Why Hinkley Point C is in trouble

The world’s most expensive power station project, a new nuclear reactor at Hinkley Point C in the UK, still hasn’t reached financial close, despite backing from the UK, French and Chinese governments. It might be best for the UK if it never does. The full story is told in my new book The Fall and Rise of Nuclear Power in Britain – A History which is published in March. An event to discuss the book will be held at the British Academy on the evening of 13 April, open to all (sign up here).

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Background to the problem

Hinkley Point C (“HPC”) is meant to be the first new nuclear station to be built in the UK for twenty years. French nuclear giant EDF announced in 2008 that it intended to build a 3,200MW plant using the French-German designed European Pressurised-water Reactor (EPR), a Generation III design (meaning higher efficiency and safety). In 2013, at least two years behind the original schedule, the project cleared all planning hurdles and seemed ready to start. In 2014, the European Commission approved the UK government state aid support, after an initially frosty opinion. (The British government is promising that the British electricity customers will buy the power at a price that is more than double the current electricity price, indexed to inflation, for 35 years). In October 2015 the British and Chinese governments signed a statement on cooperation on civil nuclear energy at the time of President Xi Jinping’s state visit to the UK, reflecting the 33.5% of the project to be invested by state owned company China General Nuclear Power Corporation (CGN)

But the project has still not reached “final investment decision”, the point where EDF and its partner  actually commit the funds and construction can start.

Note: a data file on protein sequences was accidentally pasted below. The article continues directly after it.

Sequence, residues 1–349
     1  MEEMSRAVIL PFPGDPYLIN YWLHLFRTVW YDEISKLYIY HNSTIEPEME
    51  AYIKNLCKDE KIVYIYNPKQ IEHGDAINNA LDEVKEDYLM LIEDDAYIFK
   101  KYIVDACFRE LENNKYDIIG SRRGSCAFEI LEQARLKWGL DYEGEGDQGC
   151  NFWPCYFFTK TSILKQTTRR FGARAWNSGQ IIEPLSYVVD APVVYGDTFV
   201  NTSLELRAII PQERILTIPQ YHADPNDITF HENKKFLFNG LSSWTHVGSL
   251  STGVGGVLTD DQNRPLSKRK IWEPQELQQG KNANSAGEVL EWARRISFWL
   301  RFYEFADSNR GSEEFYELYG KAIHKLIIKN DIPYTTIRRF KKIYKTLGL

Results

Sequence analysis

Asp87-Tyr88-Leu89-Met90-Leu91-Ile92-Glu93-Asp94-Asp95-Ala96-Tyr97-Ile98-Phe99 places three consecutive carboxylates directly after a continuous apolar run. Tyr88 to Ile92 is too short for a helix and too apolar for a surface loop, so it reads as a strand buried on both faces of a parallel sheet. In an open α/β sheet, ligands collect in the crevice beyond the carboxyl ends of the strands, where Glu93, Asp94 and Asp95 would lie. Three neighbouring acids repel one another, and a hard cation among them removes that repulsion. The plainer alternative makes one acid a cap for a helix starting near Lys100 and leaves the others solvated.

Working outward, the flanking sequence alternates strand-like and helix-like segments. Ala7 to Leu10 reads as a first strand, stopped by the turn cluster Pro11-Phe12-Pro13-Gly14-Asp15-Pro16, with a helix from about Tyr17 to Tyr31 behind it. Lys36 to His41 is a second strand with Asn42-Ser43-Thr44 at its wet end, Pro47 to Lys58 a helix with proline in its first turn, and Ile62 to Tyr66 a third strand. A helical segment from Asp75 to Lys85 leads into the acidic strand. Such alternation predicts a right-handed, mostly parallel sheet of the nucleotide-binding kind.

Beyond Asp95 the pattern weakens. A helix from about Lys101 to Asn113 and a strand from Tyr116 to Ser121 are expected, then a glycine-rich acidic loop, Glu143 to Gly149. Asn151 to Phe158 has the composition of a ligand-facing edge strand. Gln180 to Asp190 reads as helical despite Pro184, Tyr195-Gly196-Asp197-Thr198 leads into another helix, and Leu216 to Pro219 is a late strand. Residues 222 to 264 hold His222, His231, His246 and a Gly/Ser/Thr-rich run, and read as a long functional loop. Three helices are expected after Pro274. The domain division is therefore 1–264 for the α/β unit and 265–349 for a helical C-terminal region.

EDF is in financial difficulty

The main reason is that EDF is in financial difficulties, caused largely by tougher regulation in France and the onerous cost of refurbishing and upgrading the existing French nuclear stations. EDF’s latest group results in February 2016 showed the once mighty utility having high debt and negative cashflow. Reflecting this weakness, EDF cut the dividend from €1.25 to €1.1, something that companies are very reluctant to do. The French state, which owns 85% of EDF shares could do with the money but has taken the latest dividend in the form of new shares, a form of capital increase which very partially reverses the original privatisation.

Here is EDF’s summary cashflow position (brackets indicate negative numbers).

Source: EDF, author calculations

EDF has had negative cashflow before paying its dividend for most of the years since 2008. The exceptional outflow in 2009 was for the acquisition of British Energy, which owns the UK’s more modern nuclear power stations. But the level of ordinary capital spending is worryingly high relative to net cashflow from operating activities. Once the dividend is deducted the company looks to be in a seriously cash negative position.

Another way of looking at the company is its leverage (or gearing). We can look at this on a stock basis (net debt to equity) or flow (operating profit over interest payments). Either way the company looks highly leveraged.

EDF leverage 180216

A utility with safe regulated returns can usually run with high leverage but EDF’s returns are under pressure and more of its market is being opened to competion Against that backdrop interest cover of less than three times looks low (note that 2015 profits were depressed by write-offs).

Investing in Hinkley Point C would be a huge and risky step for EDF

So EDF is already in a weak position and it faces large future capital spending costs in its domestic business. What would the investment in HPC look like in comparison? We assume here that EDF keeps its share of the project at 66.5%, though it hopes to sell some of that to other investors at some point in future. We assume that the base construction cost is the £16 billion (excluding £2 billion of costs already incurred *) that EDF announced in October 2015 (up from £14 billion a year earlier). We also use a high case of £22bn, which comes from the £24bn figure that the European Commission used in its state aid approval document, minus £2bn of money already spent. Of course the upper limit could be far higher than that. HPC is a European Pressurised-water Reactor (EPR). The two under construction in Europe, in Finland and France, are both running at about three times their original budgeted cost. But hopefully lessons have been learned from those and from the two EPRs under construction in China, which are much less over budget.